of binary digits (i.e. each digit is zero or one).Cantor used "''m'' and "''w''" instead of "0" and "1", "''M''" instead of "''T''", and "''E''''i''" instead of "''s''''i''". He begins with a
constructive proof In mathematics, a constructive proof is a method of proof that demonstrates the existence of a mathematical object by creating or providing a method for creating the object. This is in contrast to a non-constructive proof (also known as an existenc ...
of the following lemma: :If ''s''1, ''s''2, ... , ''s''''n'', ... is any enumeration of elements from ''T'',Cantor does not assume that every element of ''T'' is in this enumeration. then an element ''s'' of ''T'' can be constructed that doesn't correspond to any ''s''''n'' in the enumeration. The proof starts with an enumeration of elements from ''T'', for example : Next, a sequence ''s'' is constructed by choosing the 1st digit as complementary to the 1st digit of ''s''''1'' (swapping 0s for 1s and vice versa), the 2nd digit as complementary to the 2nd digit of ''s''''2'', the 3rd digit as complementary to the 3rd digit of ''s''''3'', and generally for every ''n'', the ''n''th digit as complementary to the ''n''th digit of ''s''''n''. For the example above, this yields : By construction, ''s'' is a member of ''T'' that differs from each ''s''''n'', since their ''n''th digits differ (highlighted in the example). Hence, ''s'' cannot occur in the enumeration. Based on this lemma, Cantor then uses a
proof by contradiction In logic and mathematics, proof by contradiction is a form of proof that establishes the truth or the validity of a proposition, by showing that assuming the proposition to be false leads to a contradiction. Proof by contradiction is also known ...
to show that: :The set ''T'' is uncountable. The proof starts by assuming that ''T'' is
countable In mathematics, a set is countable if either it is finite or it can be made in one to one correspondence with the set of natural numbers. Equivalently, a set is ''countable'' if there exists an injective function from it into the natural numbers ...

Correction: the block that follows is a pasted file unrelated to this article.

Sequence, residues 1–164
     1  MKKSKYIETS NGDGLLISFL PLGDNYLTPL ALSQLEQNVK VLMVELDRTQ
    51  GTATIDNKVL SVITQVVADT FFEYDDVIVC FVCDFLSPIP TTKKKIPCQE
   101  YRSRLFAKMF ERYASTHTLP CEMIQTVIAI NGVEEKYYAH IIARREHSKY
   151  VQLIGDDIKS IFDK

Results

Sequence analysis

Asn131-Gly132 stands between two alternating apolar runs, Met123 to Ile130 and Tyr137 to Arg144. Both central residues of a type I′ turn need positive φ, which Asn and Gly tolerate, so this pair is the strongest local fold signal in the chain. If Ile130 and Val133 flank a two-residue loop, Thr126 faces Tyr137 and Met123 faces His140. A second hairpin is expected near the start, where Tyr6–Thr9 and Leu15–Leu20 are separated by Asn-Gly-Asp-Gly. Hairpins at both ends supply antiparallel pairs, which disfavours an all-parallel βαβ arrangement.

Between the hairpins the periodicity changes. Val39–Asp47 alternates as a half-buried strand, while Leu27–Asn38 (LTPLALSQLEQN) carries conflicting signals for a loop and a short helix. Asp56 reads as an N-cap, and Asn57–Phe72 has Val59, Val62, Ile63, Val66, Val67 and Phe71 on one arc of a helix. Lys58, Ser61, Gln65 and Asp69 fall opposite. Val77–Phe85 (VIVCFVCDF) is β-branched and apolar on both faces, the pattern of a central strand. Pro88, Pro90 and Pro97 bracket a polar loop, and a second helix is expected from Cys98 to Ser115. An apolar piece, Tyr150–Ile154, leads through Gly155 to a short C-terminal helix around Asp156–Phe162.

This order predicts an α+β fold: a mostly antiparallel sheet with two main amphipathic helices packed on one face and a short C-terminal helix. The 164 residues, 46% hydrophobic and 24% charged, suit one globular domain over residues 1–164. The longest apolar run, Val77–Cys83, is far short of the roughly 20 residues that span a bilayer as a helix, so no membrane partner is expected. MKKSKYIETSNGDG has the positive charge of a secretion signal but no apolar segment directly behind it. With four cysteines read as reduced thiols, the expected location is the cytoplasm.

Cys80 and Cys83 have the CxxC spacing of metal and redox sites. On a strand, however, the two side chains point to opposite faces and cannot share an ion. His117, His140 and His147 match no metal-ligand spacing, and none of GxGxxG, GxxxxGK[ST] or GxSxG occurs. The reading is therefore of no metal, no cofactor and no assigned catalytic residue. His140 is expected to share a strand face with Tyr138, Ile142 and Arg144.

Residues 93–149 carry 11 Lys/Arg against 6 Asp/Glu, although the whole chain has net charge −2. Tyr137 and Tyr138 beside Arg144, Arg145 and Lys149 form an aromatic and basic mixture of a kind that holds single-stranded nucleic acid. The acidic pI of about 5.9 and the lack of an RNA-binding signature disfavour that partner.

. Then all its elements can be written in an enumeration ''s''1, ''s''2, ... , ''s''''n'', ... . Applying the previous lemma to this enumeration produces a sequence ''s'' that is a member of ''T'', but is not in the enumeration. However, if ''T'' is enumerated, then every member of ''T'', including this ''s'', is in the enumeration. This contradiction implies that the original assumption is false. Therefore, ''T'' is uncountable.

## Real numbers

The uncountability of the
real number In mathematics, a real number is a number that can be used to measure a ''continuous'' one-dimensional quantity such as a distance, duration or temperature. Here, ''continuous'' means that values can have arbitrarily small variations. Every ...
s was already established by
Cantor's first uncountability proof Cantor's first set theory article contains Georg Cantor's first theorems of transfinite set theory, which studies infinite sets and their properties. One of these theorems is his "revolutionary discovery" that the set of all real numbers is unco ...
, but it also follows from the above result. To prove this, an
injection Injection or injected may refer to: Science and technology * Injective function, a mathematical function mapping distinct arguments to distinct values * Injection (medicine), insertion of liquid into the body with a syringe * Injection, in broadca ...
will be constructed from the set ''T'' of infinite binary strings to the set R of real numbers. Since ''T'' is uncountable, the image of this function, which is a subset of R, is uncountable. Therefore, R is uncountable. Also, by using a method of construction devised by Cantor, a bijection will be constructed between ''T'' and R. Therefore, ''T'' and R have the same cardinality, which is called the " cardinality of the continuum" and is usually denoted by $\mathfrak$ or $2^$. An injection from ''T'' to R is given by mapping binary strings in ''T'' to
decimal fractions The decimal numeral system (also called the base-ten positional numeral system and denary or decanary) is the standard system for denoting integer and non-integer numbers. It is the extension to non-integer numbers of the Hindu–Arabic numeral ...